Medium Tank T5

The Medium Tank T5 was the prototype for the Medium Tank M2, and was also the first in the series of designs that ended with the M4 Sherman.

In the period after the First World War the US Army had produced two series of medium tanks. The Medium Tank M1921/ M1922/ T1 family of the 1920s were designed within the Army, were underpowered, and never got beyond the prototype stage. The second, more promising, family, was based on the Christie M1928, the first vehicle to use the famous 'Christie suspension', with four large road wheels on each side and the ability to run with tracks or just on the road wheels. This family progressed through the Christie M1931/ Medium Tank T3 to the Medium Tank T4, which was eventually accepted in 1939 as the Medium Tank M1, limited standard, despite already being obsolete.

Work on a third family of tanks was approved by the Ordnance Committee on 21 May 1936. The new Medium Tank T5 was to abandon the convertible wheel or track suspension, and use as many components as possible from the successful Light Tank M2, including the suspension system. 

The T5 benefited from earlier work on tank armament. The Medium Tank T4 had been produced in two different versions, one armed with a tank gun in a fully traversing turret, the other carrying five machine guns in a barbette - two in the front, and one each on the sides and rear. A third alternative had been suggested by Captain G. H. Rarey in April 1934. This carried four machine guns in the corners of the fighting compartment, with a turret on top.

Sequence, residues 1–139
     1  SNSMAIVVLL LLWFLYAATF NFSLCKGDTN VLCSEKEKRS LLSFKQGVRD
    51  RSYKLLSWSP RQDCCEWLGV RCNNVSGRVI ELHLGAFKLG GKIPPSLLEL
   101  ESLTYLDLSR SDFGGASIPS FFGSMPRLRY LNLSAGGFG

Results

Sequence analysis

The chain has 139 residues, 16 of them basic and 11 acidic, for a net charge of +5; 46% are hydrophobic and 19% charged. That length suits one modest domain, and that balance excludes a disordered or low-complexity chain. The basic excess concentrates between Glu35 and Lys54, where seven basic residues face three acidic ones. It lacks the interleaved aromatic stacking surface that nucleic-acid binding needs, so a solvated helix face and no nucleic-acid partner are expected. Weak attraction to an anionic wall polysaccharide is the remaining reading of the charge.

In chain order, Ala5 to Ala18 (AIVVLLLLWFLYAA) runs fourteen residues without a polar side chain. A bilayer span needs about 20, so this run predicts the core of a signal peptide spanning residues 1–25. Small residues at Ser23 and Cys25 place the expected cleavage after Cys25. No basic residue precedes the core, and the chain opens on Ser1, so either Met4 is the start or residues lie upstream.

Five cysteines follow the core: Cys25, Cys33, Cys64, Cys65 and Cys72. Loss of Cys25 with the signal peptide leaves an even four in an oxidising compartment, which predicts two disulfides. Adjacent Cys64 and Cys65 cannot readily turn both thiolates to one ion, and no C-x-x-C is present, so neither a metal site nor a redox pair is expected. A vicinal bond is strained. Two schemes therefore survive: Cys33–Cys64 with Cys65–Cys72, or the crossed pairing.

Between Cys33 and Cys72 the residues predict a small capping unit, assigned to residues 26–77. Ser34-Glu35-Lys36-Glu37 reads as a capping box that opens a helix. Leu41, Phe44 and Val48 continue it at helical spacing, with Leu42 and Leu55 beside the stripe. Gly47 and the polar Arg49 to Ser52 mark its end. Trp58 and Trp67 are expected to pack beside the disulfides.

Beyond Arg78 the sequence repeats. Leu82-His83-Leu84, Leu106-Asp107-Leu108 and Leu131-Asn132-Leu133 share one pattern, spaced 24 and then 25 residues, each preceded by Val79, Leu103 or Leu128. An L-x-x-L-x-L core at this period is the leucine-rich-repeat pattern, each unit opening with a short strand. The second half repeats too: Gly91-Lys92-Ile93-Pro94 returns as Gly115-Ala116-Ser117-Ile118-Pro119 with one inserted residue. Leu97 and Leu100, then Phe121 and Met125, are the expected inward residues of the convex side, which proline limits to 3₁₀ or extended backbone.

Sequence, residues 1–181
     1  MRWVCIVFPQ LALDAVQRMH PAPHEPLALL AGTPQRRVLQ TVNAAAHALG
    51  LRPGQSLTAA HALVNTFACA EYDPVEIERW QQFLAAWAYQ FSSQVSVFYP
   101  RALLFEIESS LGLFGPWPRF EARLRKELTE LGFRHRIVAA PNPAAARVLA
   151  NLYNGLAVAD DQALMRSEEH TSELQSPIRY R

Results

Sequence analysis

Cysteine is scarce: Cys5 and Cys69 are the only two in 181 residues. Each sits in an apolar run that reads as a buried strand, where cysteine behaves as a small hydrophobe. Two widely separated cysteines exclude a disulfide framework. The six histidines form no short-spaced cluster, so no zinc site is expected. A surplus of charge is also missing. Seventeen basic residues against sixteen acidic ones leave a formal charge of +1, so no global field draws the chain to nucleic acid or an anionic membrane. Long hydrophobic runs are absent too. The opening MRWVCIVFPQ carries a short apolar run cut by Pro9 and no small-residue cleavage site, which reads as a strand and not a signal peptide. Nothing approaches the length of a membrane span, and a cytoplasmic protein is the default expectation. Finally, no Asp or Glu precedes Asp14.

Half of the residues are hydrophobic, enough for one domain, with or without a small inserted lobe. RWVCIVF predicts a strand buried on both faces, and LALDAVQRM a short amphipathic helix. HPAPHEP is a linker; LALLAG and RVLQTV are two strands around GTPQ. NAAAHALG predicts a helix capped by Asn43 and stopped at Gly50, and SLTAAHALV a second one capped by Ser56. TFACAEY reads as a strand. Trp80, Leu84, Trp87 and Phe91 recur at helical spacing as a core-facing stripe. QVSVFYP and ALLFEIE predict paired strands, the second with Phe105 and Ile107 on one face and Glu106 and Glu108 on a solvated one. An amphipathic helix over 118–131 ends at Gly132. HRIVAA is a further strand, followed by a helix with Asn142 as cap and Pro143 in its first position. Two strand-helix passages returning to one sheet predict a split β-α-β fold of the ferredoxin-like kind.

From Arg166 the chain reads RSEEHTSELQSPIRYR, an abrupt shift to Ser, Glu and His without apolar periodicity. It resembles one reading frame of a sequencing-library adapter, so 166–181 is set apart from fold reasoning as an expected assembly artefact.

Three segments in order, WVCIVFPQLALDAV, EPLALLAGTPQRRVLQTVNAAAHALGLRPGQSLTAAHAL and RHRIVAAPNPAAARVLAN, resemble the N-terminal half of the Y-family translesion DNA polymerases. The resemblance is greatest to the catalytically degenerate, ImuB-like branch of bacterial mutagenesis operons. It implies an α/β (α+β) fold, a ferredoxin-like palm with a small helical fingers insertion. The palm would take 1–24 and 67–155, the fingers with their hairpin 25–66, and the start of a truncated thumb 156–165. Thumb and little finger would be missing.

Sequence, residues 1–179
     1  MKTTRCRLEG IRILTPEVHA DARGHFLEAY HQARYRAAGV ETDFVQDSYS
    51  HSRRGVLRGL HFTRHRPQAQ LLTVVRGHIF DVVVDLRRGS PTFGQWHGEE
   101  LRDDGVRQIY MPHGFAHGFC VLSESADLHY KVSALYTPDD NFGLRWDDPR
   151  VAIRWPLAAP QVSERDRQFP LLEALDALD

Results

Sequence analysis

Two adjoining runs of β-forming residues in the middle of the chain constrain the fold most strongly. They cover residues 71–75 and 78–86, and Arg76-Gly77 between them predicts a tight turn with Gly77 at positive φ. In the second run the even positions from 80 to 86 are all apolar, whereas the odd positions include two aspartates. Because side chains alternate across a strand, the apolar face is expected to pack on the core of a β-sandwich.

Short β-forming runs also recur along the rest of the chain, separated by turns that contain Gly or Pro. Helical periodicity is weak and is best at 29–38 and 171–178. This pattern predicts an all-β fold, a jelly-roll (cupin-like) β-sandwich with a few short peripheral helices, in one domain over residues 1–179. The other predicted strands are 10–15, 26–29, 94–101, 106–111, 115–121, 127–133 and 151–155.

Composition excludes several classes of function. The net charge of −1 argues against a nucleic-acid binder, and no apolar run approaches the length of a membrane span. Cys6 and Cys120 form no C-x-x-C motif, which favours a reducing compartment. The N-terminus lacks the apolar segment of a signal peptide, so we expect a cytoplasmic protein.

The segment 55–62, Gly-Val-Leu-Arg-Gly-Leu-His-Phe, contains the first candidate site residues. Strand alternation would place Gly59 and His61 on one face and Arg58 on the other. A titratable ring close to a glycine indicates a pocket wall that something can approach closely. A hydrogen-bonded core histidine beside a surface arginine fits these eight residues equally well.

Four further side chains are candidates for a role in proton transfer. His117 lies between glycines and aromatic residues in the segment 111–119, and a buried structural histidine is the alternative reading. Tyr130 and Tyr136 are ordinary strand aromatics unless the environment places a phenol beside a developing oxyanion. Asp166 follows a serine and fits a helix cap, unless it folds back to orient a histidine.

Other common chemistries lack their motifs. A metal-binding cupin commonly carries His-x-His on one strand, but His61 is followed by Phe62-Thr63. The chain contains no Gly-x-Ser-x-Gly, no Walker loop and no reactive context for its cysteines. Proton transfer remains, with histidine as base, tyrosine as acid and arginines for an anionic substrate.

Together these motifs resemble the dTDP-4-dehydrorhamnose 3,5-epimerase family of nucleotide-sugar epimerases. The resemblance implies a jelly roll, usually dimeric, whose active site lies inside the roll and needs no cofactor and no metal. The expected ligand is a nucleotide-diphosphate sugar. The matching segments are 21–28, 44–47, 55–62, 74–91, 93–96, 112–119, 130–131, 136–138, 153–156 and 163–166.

Medium Tank T5, Phase I

The Medium Tank T5 used the same vertical volute spring suspension system as the Light Tank M2, but with three bogies instead of the two used on the M2. Each bogie carried two road wheels, each connected to a central mount by an almost horizontal pivoting arm. Each arm was supported by a vertical volute spring, which was braced against the top of the bogie unit. A volute spring is a spring in the shape of a cone, allowing the coils to slide over each other, and thus allowing for more vertical movement than on a normal spring of the same strength. They are normally made from a flat strip of metal which is then wound up to produce the spring (as seen on garden secateurs). 

The T5 Phase I was given a roughly square fighting compartment, with the corners cut off and .30in machine guns mounted in barrel shaped sponsons with an open back inside the compartment, carried on the corners. The turret was mounted on top of this fighting compartment, and was to be armed with a new high velocity 37mm antitank guns. Two more machine guns were installed in the hull front, and two anti-aircraft guns could be carried.

The Phase I never received its high velocity gun. When first built it was given a wooden superstructure and turret with a mock gun. This was used in early tests between 16 November and 29 December 1937. The proper steel superstructure and turret was installed early in 1938, and the mock gun was retained. Later in the year two 37mm M2A1 guns were installed as a temporary measure, but they remain in place to this day.